Remember “Think globally, act locally?” It’s a good way to tackle problems you care about—such as hunger, the environment, or social change. Although the expression refers to big-picture issues, it’s a good way to think about health problems, too.
Including allergies. If you’ve never been allergic, you’ve probably sympathized with sufferers’ sniffles while figuring they’re mostly inconsequential. But many people don’t realize that allergies also have a strong connection to asthma. If you’ve ever felt your airways narrow or wheezed to breathe, you know those pollen counts matter.
Believe it or not, both global problems and local weather affect allergies. Especially in the fall, when grass pollens and ragweed are at all-time highs.
Climate Change and Allergies
One consequence of the worldwide warming trend is that with warmer seasons in general, weeds are flourishing. Because grasses and ragweed are growing for longer periods in many places, much more pollen is being released.
And it’s not just backyard or neighborhood weeds that matter. Picture a hazy covering of smoke from a forest fire, drifting widely. Pollen blankets entire areas in just the same way—so when counts are high, you’re affected.
Asthma and allergies often get worse when it rains.
Makes no sense, right? You’d think a nice rainstorm would clean the air, rinsing allergens away. It does. But not right away. During a downpour, pollen particles first become saturated and burst into smaller particles that are released in much higher concentrations. When asthma patients breathe these in, doctors call resulting attacks “thunderclap asthma.”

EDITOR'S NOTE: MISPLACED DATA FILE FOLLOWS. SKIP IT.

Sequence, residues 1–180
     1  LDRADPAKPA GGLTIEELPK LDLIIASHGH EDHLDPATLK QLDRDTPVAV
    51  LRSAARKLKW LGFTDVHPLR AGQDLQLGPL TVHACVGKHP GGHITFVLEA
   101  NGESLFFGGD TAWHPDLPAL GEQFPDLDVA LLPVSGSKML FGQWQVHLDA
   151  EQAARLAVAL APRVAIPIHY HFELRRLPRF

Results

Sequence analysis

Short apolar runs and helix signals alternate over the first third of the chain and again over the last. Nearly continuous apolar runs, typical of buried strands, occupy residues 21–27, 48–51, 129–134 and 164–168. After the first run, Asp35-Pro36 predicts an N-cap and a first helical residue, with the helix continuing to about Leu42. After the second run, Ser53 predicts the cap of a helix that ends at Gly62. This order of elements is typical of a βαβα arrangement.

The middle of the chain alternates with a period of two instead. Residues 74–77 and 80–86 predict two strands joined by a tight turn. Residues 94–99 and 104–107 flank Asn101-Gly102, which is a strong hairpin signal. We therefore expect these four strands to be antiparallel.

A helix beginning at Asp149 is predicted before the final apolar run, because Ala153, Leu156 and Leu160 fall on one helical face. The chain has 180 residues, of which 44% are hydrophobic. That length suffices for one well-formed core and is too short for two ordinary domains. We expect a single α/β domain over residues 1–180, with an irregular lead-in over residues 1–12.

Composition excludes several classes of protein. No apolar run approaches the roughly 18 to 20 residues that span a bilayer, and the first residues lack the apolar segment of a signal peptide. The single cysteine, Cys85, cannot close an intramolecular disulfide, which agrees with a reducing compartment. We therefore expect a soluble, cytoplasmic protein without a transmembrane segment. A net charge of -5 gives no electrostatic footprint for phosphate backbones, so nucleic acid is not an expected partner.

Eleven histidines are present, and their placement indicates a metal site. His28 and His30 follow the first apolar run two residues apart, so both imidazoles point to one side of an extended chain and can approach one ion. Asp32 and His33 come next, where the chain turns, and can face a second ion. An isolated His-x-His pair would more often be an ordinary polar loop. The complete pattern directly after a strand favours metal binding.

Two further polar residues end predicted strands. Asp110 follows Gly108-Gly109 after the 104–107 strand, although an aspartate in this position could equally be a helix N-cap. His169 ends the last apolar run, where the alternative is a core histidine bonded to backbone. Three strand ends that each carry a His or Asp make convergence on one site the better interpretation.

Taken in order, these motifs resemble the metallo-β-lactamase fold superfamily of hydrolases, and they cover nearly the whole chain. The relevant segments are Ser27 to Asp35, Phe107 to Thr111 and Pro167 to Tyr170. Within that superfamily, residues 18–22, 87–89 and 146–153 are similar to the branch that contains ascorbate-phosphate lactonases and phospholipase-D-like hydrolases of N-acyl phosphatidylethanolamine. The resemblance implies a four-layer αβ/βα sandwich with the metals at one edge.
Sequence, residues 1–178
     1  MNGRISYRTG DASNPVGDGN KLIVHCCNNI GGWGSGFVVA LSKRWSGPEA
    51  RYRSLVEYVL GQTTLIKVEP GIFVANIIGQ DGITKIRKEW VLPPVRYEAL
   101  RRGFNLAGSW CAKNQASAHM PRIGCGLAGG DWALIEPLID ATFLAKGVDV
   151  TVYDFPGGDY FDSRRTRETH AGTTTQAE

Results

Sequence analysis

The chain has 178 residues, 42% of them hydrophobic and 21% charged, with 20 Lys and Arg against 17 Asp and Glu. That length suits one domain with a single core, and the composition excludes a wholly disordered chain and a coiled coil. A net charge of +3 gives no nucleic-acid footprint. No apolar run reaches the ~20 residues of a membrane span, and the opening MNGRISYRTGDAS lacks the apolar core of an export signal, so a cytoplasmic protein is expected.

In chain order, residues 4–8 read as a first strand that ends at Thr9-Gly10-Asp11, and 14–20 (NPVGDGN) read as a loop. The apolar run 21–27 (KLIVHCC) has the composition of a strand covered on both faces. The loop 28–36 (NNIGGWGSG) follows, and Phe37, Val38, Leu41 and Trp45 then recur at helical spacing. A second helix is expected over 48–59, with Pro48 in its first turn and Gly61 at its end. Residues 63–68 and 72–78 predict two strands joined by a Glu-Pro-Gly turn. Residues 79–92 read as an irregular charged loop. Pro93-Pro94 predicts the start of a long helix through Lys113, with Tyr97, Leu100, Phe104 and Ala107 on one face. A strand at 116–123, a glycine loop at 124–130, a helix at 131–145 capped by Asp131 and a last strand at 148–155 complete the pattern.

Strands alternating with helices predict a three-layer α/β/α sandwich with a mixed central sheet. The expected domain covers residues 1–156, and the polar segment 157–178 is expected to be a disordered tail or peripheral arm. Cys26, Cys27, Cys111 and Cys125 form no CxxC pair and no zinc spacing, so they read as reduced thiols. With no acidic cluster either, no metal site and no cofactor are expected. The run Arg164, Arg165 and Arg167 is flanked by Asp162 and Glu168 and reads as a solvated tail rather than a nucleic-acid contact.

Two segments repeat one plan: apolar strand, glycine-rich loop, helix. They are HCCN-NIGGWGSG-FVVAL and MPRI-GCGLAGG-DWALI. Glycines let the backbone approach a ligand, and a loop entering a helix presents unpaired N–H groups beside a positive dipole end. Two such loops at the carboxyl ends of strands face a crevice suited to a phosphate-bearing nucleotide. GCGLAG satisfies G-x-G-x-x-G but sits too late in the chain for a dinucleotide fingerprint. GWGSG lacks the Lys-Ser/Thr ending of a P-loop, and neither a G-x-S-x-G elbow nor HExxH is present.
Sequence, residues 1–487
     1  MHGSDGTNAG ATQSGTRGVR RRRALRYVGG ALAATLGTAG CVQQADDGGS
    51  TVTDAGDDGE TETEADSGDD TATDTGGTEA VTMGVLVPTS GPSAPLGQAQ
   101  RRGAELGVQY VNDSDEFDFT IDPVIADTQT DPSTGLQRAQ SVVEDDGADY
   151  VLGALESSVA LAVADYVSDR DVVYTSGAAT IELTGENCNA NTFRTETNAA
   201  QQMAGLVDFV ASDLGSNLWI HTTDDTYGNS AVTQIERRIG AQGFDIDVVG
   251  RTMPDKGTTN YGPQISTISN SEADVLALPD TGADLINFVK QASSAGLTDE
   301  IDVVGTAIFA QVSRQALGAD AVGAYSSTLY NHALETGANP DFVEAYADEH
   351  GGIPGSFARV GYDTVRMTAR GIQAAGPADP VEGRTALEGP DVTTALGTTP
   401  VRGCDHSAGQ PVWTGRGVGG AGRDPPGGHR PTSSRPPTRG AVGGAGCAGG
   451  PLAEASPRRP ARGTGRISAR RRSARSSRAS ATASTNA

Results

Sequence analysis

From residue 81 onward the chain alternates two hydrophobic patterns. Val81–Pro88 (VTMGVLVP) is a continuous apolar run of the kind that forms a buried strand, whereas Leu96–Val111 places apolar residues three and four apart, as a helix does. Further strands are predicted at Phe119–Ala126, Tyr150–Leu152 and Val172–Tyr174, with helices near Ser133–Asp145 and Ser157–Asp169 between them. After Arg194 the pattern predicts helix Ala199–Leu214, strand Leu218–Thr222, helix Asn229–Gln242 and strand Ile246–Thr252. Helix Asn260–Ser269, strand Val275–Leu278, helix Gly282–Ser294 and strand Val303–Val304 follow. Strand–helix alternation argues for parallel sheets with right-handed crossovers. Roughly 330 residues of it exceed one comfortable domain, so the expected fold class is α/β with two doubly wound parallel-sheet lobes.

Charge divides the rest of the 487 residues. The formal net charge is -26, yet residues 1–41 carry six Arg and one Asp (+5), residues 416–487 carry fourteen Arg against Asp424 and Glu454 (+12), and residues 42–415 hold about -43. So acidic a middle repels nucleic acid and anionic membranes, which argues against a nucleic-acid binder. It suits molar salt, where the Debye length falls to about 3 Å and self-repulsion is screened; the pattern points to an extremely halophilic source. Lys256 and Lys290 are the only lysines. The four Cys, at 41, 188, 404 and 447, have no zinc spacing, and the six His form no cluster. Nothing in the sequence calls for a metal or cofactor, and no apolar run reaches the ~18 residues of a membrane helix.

Those clouds of tiny particles affect upper airways, too, causing “ordinary” allergy symptoms—sneezing, watery eyes, and sore throats.
You can still minimize pollen’s impact in your home during fall. Good dust control measures are your first defense.
When it starts to rain, keep doors and windows closed at first to give the pollen a chance to be thoroughly washed away. After a while, you can re-open windows to enjoy fresh, rain-sweet air.
Some pollen will still wind up in your home—you can’t seal yourself indoors. You open doors to go in and out; pollen also rides in on clothing, hair, pets and parcels. And because of the time you spend in bed, it’s especially important to protect mattresses and pillows. Organic mattress encasements and allergy pillow covers will prevent pollen from building up in your bedding.
With these basic changes you can enjoy fall’s beauty and great thunderstorms, too.